Chapter 7: The Mad King and His Idol
And that is not only so with children, that is so with great philosophers too. They all think that once they have drawn, painted, described, the whole world will know. Millions of philosophies have existed and disappeared and ignorance about God remains the same. In fact, there is no way to know God, so to call it ignorance is not right.
Let me explain it to you: you can call something knowledge. If knowledge is possible then the state before knowledge is ignorance, but if knowledge is impossible then the state before it cannot be called ignorance. Ignorance is ignorance only compared to knowledge.
Sufis don’t call the state of man ignorance, they call it innocence. And innocence is destroyed by knowledge. You don’t become a knower, your innocence is simply destroyed - which is a loss, not a gain, because existence can be felt through innocence, never through knowledge.
Don’t think that you are ignorant, you are simply innocent. And existence cannot be reduced to knowledge. Existence is not just the unknown, existence is really unknowable. The unknown will be known sooner or later; only time is required. Something was unknown yesterday, today it is known. Something is unknown today, tomorrow it will be known. It is only a question of time; between the known and the unknown the distance is of time. But existence is not unknown, existence is unknowable, intrinsically unknowable. It is a mystery. You cannot de-mystify existence. In fact, the more you know it, the more you feel knowing is impossible. The more you know the less you know. And when you really come to know, all knowledge simply disappears. You become again ignorant, innocent, like a child.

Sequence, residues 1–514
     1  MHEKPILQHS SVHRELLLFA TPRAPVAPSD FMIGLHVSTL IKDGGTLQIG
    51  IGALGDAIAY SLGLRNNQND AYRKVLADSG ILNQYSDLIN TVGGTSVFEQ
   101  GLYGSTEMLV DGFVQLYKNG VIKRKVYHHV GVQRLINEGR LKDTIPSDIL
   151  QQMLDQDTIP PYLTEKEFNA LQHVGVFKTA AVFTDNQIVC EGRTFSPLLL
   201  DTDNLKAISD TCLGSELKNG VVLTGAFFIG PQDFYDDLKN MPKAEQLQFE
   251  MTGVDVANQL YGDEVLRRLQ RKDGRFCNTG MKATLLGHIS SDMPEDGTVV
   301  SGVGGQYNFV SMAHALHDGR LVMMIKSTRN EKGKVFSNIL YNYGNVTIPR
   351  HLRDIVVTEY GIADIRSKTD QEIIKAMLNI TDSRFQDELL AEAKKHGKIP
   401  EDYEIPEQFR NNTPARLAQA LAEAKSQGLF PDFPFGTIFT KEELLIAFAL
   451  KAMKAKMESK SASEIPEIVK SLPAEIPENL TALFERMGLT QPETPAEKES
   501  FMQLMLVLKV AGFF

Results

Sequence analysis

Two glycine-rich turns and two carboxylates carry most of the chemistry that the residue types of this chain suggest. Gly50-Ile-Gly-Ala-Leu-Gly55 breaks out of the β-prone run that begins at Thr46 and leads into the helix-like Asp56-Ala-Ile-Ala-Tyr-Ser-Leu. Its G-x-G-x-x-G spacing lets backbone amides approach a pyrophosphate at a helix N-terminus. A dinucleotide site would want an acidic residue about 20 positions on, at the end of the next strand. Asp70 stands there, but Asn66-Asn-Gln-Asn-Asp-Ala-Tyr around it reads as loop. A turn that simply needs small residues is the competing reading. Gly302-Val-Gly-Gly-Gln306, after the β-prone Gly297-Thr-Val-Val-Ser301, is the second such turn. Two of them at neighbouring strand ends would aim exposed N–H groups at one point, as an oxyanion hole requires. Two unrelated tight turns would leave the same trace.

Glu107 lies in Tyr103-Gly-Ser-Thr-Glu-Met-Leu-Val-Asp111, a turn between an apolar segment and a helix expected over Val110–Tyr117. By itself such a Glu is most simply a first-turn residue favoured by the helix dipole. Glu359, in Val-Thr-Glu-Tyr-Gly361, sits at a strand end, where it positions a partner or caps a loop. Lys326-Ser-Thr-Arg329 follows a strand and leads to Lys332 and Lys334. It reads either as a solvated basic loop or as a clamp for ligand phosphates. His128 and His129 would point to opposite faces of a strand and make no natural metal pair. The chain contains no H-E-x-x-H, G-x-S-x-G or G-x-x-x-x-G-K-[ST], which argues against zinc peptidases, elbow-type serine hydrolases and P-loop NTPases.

The camel is very full of knowledge, hence he is called the camel - because he accumulates, assimilates. The lion throws the knowledge but becomes anti-knowledge, gets hooked by the opposite. The child is free from both polarities - knowledge, anti-knowledge, philosophy, anti-philosophy. The child is simply free of all dualities. The child is innocent; he knows nothing of knowledge and he knows nothing of ignorance. He simply is. That state of a child is the Sufi state of consciousness. Knowledge is almost a deception, not only to others but to yourself, because you go on repeating the borrowed.
A sailor who had been abroad for some years came home on leave, and as he had some time to wait for his train, entered a hall nearby where a conjurer was entertaining. The sailor had a parrot with him, and knowing that he could not stay very long, sat near a door at the side of the hall so that he could slip out just before his train was due.